“Why can’t I burn a song, even if it’s in my music”

A few days ago, I disagreed with the argument that Yahoo was more closed that Google because Yahoo hosts commercial content. In a “long tail” world, popular content helps attract users and doesn’t displace peer content.
DRM and license terms are more relevant dimensions of open-ness. So long as the Yahoo Music Help section has a page called Why Can’t I Burn a Song, Even If It’s in My Music?, the jury says “closed”.
At the same time, Yahoo’s MediaRSS has the opportunity to be a disruptive technology, coming from the bottom up to change the market share of DRM.
In the words of Wired News, “Niche content creators syndicate their content with an MRSS feed, which includes metadata about the work. The information goes out to subscribers just like a blogger’s RSS feed and incorporates video and audio… Yahoo! made sure MRSS was open and nonproprietary. Thanks to that hands-off policy, MRSS has caught on: Both Google and AOL encourage content creators to use MRSS to help their search engines identify and index video.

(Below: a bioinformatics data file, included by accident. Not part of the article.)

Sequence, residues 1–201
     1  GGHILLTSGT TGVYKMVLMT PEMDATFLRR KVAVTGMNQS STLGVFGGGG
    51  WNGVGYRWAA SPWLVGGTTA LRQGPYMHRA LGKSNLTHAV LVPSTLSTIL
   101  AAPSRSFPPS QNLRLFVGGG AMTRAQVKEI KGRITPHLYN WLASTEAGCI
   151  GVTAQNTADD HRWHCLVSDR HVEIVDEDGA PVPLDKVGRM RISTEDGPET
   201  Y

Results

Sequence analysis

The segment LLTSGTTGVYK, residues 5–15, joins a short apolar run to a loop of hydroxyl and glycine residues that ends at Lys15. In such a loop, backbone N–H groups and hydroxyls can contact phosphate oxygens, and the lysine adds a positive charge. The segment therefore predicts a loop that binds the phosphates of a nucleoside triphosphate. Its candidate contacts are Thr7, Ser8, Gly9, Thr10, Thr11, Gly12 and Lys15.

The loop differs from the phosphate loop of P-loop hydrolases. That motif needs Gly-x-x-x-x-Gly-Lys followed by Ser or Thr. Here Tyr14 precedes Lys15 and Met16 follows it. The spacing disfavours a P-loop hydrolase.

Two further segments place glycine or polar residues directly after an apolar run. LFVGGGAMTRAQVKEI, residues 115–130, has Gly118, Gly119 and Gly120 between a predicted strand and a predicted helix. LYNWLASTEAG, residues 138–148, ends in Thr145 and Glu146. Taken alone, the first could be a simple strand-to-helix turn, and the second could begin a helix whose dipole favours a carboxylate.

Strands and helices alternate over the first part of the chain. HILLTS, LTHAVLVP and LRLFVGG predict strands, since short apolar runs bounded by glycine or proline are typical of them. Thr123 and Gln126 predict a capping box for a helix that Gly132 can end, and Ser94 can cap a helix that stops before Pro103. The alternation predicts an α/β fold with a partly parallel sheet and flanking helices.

Motivated amateur and mid-list music and video producers can syndicate with RSS. Good search engines will get the word out. When this approach starts collecting money (the way blog ads do), less restrictive distribution terms will start gaining market share.

One thought on ““Why can’t I burn a song, even if it’s in my music””

  1. I don’t think that makes Yahoo! “closed.” It sounds more like a licensing issue which points back to the labels and their closed-minded thinking.

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